CEAP study examines nitrogen, copper levels in Bay watershed

Aug 20, 2010

A comprehensive study of pollutants in a major Chesapeake Bay tributary revealed troublesome levels of nitrogen and copper that could flow into the Bay, according to U.S. Department of Agriculture (USDA) scientists and their cooperators.

Scientists with USDA's Agricultural Research Service (ARS) and their collaborators conducted the study as part of the Conservation Effects Assessment Project (CEAP) for Maryland's Choptank River Watershed, which flows into the . CEAP began in 2004 and focuses on the effects of conservation practices and Farm Bill conservation programs on 37 watersheds nationwide.

Greg McCarty, a soil scientist with the ARS Hydrology and Remote Sensing Laboratory at Beltsville, Md., and Laura McConnell, a chemist at the ARS Environmental Management and Byproducts Utilization Laboratory in Beltsville, lead the team's CEAP Choptank project. ARS is USDA's principal intramural scientific research agency.

Monitoring the Choptank provides information needed to develop new conservation practices, refine existing ones, and design programs to evaluate efforts to clean the endangered Bay.

Sampling the water every two months for three years, the scientists found that nitrate concentrations often exceeded levels that can cause . Nitrate concentrations were highest at the headwaters where farming is concentrated, suggesting that agricultural fertilizers, including manure and poultry litter, are primary sources.

But phosphorus concentrations were similar throughout the river, suggesting multiple sources. While some evidence points to wastewater treatment plants as a likely primary source, agriculture is also a major contributor.

High copper concentrations were found in almost all samples at the lower reaches of the Choptank, but not in the upstream areas. This suggests that agriculture is not the primary source. The levels were high enough to be toxic to clams and other aquatic invertebrates that help feed and filter the Bay.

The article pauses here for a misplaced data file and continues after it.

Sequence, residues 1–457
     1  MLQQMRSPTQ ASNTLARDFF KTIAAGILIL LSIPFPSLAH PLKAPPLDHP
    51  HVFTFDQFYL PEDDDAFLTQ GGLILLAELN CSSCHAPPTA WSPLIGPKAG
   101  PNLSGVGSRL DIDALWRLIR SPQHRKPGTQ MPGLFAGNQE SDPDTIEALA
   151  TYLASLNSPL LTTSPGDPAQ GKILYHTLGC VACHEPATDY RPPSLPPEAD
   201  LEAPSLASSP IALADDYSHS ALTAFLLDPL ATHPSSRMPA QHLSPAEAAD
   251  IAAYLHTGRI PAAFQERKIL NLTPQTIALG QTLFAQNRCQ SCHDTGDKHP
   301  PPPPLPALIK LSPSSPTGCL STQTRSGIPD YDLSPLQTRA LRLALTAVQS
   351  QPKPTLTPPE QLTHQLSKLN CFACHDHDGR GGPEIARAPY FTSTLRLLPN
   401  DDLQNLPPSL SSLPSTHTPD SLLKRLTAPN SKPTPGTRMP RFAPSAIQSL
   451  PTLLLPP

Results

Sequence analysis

Herbicides and their byproducts were present year-round. Concentrations did not approach established levels of concern for aquatic organisms. Still, this research shows the importance of agricultural practices that reduce herbicide losses, particularly from springtime applications.

The results of this study were published in the journal Science of the Total Environment.

Explore further: Gimmicks and technology: California learns to save water

More information: Read more about this research in the August 2010 issue of Agricultural Research magazine, available online at: www.ars.usda.gov/is/AR/archive/aug10/chesapeake0810.htm

Related Stories

Water Quality Model Passes Another Test

Feb 25, 2010

(PhysOrg.com) -- A test of the SWAT (Soil and Water Assessment Tool) model on a small watershed with poor water quality in Maryland showed that the model accurately estimated pollutant levels over the long ...

Is your drinking water safe?

Feb 28, 2008

Lake Bloomington is a major source of drinking water for residents of Bloomington, IL, and has a history of nitrate concentrations that exceed safe levels. Because Lake Bloomington has a record of elevated nitrate levels, ...

Recommended for you

Gimmicks and technology: California learns to save water

23 hours ago

Billboards and TV commercials, living room visits, guess-your-water-use booths, and awards for water stinginess—a wealthy swath of Orange County that once had one of the worst records for water conservation ...

Cities, regions call for 'robust' world climate pact

Jul 03, 2015

Thousands of cities, provinces and states from around the world urged national governments on Thursday to deliver a "robust, binding, equitable and universal" planet-saving climate pact in December.

Will climate change put mussels off the menu?

Jul 03, 2015

Climate change models predict that sea temperatures will rise significantly, including in the tropics. In these areas, rainfall is also predicted to increase, reducing the salt concentration of the surface ...

As nations dither, cities pick up climate slack

Jul 02, 2015

Their national governments hamstrung by domestic politics, stretched budgets and diplomatic inertia, many cities and provinces have taken a leading role—driven by necessity—in efforts to arrest galloping ...

User comments : 0

Please sign in to add a comment. Registration is free, and takes less than a minute. Read more

Click here to reset your password.
Sign in to get notified via email when new comments are made.